Earlier today I had the honor of meeting four individuals who are helping NASA turn the dreams of today into the reality of tomorrow. They are winners of the 2010 Presidential Early Career Awards for Scientists and Engineers, the highest honor bestowed by the United States government on science and engineering professionals in the early stages of their independent research careers.
Today we honored the four NASA winners in a ceremony at agency headquarters. Chief Scientist, Waleed Abdalati, Acting Associate Administrator for the Science Mission Directorate, Chuck Gay, and others joined me to recognize the award-winning work of Drs. Jonathan Cirtain, Ian Howat, Gregory Howes, and Benjamin Mazin. We were fortunate to have them and their families here with us today. Tomorrow they will be recognized in a ceremony at the Smithsonian Museum of Natural History along with the other 90 recipients of this year’s PECASE awards.
From the outer edges of our solar system to the dynamic surface of the Earth, these scientists are revolutionizing what we know about the world around us. Their leadership in astrophysics, heliophysics and Earth science will chart our path forward as we explore further into space.
I am particularly proud of the fact that the awardees were selected not only for their innovative research, but also for their commitment to community service through scientific leadership, public education and community outreach. By devoting their time to mentoring and informing the world about the important science we do here at NASA, these individuals are making an impact that will be felt for years to come.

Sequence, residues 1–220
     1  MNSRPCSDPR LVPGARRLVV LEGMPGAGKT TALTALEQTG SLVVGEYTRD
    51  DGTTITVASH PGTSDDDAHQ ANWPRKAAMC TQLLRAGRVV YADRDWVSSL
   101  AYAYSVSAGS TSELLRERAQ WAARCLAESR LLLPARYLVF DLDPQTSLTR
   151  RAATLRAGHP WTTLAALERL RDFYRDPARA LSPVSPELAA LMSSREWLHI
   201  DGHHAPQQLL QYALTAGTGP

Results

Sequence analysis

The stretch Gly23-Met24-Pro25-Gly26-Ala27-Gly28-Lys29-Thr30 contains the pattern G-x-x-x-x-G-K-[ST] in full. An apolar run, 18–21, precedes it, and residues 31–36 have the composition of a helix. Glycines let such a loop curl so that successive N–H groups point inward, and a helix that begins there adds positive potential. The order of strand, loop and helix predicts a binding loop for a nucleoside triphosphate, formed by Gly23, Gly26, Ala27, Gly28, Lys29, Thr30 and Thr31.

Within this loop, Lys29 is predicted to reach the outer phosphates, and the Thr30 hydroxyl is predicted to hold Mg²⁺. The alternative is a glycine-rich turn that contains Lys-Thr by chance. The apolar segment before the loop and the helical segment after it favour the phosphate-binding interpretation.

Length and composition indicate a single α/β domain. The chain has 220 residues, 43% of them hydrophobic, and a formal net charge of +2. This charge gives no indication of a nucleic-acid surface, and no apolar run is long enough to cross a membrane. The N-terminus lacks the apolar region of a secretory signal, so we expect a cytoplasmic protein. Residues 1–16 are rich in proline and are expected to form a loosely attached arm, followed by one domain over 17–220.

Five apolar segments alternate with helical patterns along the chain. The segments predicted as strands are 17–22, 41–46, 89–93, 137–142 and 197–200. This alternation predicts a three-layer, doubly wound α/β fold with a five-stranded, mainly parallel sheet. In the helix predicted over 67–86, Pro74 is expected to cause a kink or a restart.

The Presidential early career awards embody the high priority the Obama Administration places on producing outstanding scientists and engineers to advance the Nation’s goals, contribute to the American economy, and tackle the grand challenges we face today and will face in the future. That’s what we do here at NASA. We are in the future business. Our science missions on the International Space Station are preparing the next generation of astronauts to live and work even deeper in space. Our science instruments and data monitoring earthquakes, hurricanes and tsunamis are saving lives here on earth. And our investment in knowledge is not only paving the way to a better tomorrow, it is generating jobs and a stronger economy here and now today.
These talented scientists are the living embodiment of NASA’s enduring commitment to scientific innovation. It is inspiring to see such important work at this early stage in their careers. I look forward to seeing more great achievements from them in the very near future.